Eighteen recruits graduated from the Allan Hancock College Basic Law Enforcement Training Academy on Tuesday, including 11 recruits who will go on to work for police agencies in Santa Barbara County.
During the academy, recruits were required to successfully complete the California Peace Officer Standards and Training course that consisted of 830 hours of instruction in community policing, search and seizure, firearms, ethics, investigation procedures, patrol techniques, arrest and control, CPR/first aid, emergency vehicle operations and other skills.
Recruits also fired thousands of rounds for target practice. Physical training consisted of running more than 216 miles.
Cole Knapp, whose actions helped saves during the Borderline Bar and Grill shooting in 2018, graduated as a Santa Barbara County Sheriff's Office custody deputy on Friday.
Additionally, recruits were required to pass multiple written exams.
“This is the core of what we do as a community college,” said Hancock Superintendent/President Kevin G. Walthers during the ceremony held at the college's Public Safety Training Complex in Lompoc. “These are the people who you want to be there to help you on your very worst day.”
Seventeen recruits already have been hired by local law enforcement agencies, including the Santa Maria, Arroyo Grande, Paso Robles and San Luis Obispo police departments, the Santa Barbara and San Luis Obispo county sheriff’s offices and the UC Santa Barbara Police Department.
At the Hancock College Basic Law Enforcement Academy, located in Lompoc, aspiring police officers and sheriff’s deputies go through an intensive 21-week training program that fulfills all of the California Peace Officer Standards and Training (POST) requirements. The majority of the academy’s students go on to work for agencies across the Central Coast.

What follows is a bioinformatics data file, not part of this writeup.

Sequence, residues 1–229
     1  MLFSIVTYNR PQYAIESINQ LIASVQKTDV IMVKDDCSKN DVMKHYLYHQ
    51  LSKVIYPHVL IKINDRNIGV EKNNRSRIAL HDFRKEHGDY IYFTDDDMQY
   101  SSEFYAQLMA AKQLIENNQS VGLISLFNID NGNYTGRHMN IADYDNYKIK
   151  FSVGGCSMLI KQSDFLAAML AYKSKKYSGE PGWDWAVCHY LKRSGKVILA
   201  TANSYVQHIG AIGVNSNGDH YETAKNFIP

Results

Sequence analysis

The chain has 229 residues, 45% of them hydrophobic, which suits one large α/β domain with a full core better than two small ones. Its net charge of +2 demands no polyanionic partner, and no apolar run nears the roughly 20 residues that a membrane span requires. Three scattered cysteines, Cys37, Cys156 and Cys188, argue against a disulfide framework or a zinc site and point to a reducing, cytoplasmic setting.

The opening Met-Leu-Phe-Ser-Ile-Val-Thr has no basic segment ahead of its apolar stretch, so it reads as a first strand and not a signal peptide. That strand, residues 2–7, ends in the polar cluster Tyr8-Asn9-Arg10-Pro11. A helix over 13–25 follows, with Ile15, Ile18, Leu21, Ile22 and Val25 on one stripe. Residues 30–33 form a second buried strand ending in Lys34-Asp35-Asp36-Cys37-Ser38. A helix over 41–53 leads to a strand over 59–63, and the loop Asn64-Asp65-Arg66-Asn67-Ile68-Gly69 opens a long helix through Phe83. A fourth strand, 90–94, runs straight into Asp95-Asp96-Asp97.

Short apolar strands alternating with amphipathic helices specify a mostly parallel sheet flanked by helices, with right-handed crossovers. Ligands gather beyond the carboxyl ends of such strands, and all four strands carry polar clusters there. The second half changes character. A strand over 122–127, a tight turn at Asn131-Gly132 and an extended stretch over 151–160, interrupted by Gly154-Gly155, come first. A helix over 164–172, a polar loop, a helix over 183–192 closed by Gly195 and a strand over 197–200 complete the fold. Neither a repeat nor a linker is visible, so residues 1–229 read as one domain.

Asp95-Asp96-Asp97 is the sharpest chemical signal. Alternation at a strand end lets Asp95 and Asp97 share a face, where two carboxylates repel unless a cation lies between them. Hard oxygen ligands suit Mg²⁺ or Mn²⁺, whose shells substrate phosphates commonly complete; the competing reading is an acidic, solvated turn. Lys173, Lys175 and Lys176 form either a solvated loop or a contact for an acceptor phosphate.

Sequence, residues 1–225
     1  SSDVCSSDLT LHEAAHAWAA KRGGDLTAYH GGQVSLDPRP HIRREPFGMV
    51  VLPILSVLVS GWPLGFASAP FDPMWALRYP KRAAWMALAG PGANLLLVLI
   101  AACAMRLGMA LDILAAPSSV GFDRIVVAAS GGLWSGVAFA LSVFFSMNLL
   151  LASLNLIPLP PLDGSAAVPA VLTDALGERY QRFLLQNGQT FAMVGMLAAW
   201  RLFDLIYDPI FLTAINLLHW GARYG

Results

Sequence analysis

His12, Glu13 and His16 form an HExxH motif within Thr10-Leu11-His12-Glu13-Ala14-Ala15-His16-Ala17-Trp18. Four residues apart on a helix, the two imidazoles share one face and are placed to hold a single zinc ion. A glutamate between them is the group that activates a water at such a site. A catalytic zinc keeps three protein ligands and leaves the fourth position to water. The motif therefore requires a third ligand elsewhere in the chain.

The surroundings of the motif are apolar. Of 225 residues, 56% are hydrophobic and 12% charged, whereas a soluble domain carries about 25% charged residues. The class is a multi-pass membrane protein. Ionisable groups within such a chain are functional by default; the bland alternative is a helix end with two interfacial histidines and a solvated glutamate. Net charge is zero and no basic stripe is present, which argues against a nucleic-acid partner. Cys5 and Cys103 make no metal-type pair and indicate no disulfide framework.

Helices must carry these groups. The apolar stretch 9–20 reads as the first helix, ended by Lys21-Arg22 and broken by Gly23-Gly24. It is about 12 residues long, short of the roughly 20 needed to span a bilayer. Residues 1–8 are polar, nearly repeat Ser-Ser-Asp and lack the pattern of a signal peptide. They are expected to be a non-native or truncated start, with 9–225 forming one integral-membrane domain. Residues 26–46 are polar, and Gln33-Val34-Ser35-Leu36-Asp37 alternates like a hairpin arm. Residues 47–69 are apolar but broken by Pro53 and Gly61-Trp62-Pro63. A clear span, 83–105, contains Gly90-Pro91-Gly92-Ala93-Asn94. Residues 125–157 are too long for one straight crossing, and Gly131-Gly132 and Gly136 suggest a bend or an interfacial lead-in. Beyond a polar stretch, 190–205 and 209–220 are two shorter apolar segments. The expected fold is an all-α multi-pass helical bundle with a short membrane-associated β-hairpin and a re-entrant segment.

The Santa Maria Police Department received eight graduates, including Victor Cortez-Silva, Jose Gomez Zambrano, Bryce Moses, Antonio Pena, James Roach, Caleb Scherrer, Angel Velasquez and Matthew Walker.
The Santa Barbara County Sheriff's Office received three graduates — Cameron Hossli, Celeste Johnson and Blake Martinez.
Johnson was honored with several awards, including the Academic and Report Writing Awards, according to Raquel Zick, Santa Barbara County Sheriff's Office spokesman.
Johnson was a 911 communications dispatcher for the Sheriff's Office prior to enrolling in the academy.
"It was kind of always in the back of my mind as far as my end goal," Johnson said, adding that she was seeking a more challenging career. "Dispatch just happened to be where I could get my foot in the door at the time."
Johnson said that she and the other newly minted Sheriff's Office deputies will become solo patrol deputies after completing the Field Training program, which lasts a little more than four months.
Other graduates include Davina Valerio, Arroyo Grande Police Department; Luis Martinez, independent; Walter Canizalez, Paso Robles Police Department; John Stevens, SLO Police Department; Hiruy Gemechu, SLO County Sheriff’s Department; Michael Tschoepe, SLO County Sheriff’s Department; and Marco Pavico, UC Santa Barbara Police Department.
“The last 21 weeks have been a challenge like no other, but they also include memories we will never forget,” said Tschoepe, who was named valedictorian. “The growth we all experienced was incredible.”